You need to check the dog behaviours that you want them to follow when they see other dogs. When they see another dog, try creating some distance. Then get your dog excited with treats and keep doing until your dog learns that when there is another dog nearby they need to sit next to you and ask for a treat. It will keep them calm and create a better environment.


Can you hurt your dog by pulling on the leash?


The short answer is yes. It can cause Bruises & Cuts, Chocking and Hypothyroidism

Pulling on a leash can cause health problems for your dog. That's why it is so important to spend time teaching loose leash walking. Here're the most coming problems that arise when your dog is pulling on leash:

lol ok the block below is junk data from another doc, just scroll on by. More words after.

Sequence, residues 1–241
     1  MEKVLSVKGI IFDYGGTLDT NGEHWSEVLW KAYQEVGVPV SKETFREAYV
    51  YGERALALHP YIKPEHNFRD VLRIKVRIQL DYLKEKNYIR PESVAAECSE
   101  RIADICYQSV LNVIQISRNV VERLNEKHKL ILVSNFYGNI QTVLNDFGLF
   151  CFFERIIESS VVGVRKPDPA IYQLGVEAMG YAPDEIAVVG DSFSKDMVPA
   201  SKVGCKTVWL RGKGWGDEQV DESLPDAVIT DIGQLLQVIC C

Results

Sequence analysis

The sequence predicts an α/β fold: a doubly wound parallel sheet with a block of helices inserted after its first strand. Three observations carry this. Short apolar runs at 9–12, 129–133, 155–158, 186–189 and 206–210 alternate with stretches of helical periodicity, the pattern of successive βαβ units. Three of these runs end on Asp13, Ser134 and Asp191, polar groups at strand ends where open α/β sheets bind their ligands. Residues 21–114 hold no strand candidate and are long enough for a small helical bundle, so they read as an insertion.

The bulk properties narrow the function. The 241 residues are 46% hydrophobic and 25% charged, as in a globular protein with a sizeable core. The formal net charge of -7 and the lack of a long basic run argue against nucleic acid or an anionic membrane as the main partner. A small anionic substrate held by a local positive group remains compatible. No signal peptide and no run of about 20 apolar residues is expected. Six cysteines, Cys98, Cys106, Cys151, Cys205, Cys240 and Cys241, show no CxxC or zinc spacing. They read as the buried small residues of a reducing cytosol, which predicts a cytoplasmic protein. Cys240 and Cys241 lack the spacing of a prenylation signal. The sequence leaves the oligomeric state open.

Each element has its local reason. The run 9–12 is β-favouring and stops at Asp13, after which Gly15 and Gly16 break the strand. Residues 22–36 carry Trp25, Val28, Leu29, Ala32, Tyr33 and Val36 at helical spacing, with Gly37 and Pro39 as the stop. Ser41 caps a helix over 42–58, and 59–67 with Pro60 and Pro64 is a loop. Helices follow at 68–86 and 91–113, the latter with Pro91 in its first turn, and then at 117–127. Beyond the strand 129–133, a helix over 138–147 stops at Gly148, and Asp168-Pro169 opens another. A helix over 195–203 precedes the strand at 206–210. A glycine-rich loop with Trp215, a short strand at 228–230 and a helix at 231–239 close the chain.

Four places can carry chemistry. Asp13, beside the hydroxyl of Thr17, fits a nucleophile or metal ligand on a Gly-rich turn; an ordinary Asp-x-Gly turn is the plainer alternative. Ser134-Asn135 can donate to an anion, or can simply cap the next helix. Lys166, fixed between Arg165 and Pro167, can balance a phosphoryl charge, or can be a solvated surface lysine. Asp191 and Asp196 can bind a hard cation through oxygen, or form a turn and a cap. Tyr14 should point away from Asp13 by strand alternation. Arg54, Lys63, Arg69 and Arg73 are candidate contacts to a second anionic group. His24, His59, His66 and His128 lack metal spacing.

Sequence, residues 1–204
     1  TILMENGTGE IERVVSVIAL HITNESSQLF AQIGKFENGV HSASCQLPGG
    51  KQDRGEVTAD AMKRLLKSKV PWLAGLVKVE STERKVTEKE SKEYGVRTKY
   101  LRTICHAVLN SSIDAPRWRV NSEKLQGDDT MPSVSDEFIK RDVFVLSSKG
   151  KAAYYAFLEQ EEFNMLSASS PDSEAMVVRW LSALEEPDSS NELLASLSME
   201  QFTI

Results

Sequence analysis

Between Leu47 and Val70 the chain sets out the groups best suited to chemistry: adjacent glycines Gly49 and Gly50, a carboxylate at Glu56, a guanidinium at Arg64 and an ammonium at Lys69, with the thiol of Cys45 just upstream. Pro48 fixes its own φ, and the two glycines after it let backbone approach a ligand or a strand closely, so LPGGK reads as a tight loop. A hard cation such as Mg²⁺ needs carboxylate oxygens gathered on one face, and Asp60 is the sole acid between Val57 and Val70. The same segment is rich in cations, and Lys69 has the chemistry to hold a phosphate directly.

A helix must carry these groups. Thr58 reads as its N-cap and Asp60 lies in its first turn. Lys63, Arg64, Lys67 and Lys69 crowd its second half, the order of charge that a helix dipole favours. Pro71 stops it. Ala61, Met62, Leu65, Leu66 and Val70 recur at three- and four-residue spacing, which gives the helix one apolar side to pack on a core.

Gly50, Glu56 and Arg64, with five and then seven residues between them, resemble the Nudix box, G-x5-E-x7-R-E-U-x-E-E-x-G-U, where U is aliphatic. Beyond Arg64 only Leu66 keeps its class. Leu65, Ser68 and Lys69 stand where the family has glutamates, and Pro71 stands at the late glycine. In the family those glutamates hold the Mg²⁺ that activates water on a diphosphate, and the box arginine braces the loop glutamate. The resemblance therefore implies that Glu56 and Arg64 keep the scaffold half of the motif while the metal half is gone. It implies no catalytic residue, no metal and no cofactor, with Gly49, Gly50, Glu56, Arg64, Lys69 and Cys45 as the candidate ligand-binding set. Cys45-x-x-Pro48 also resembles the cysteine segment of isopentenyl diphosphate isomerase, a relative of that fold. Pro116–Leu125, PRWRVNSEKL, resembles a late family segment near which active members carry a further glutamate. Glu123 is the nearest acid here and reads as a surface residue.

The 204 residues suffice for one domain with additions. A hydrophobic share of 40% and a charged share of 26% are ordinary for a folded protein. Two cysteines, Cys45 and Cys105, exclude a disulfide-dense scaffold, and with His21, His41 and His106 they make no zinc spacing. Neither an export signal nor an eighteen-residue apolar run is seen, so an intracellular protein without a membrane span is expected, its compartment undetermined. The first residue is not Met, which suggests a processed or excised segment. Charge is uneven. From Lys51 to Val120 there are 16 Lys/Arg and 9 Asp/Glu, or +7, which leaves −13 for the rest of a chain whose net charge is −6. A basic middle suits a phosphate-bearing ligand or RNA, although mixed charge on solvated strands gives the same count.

Bruises & Cuts

When your dog is pulling on leash it can cause cuts and bruises. Because dogs react to pain differently than humans we often don't know notice when they're in pain. Moreover, their necks are similar to ours, so they can easily injure them.


Chocking

If your dog is panicking or too excited they might not know that they need to stop pulling. They try to get themselves free by putting pressure on their neck which can stop the airflow.


Hypothyroidism (Decrease in Thyroid Gland Hormone)

Like humans, dogs have their thyroid glands in their necks. This means that any injuries to the neck might have a negative impact on the thyroid gland.


Get access to the rest of the course (and videos) in the Fluffy app. It's free!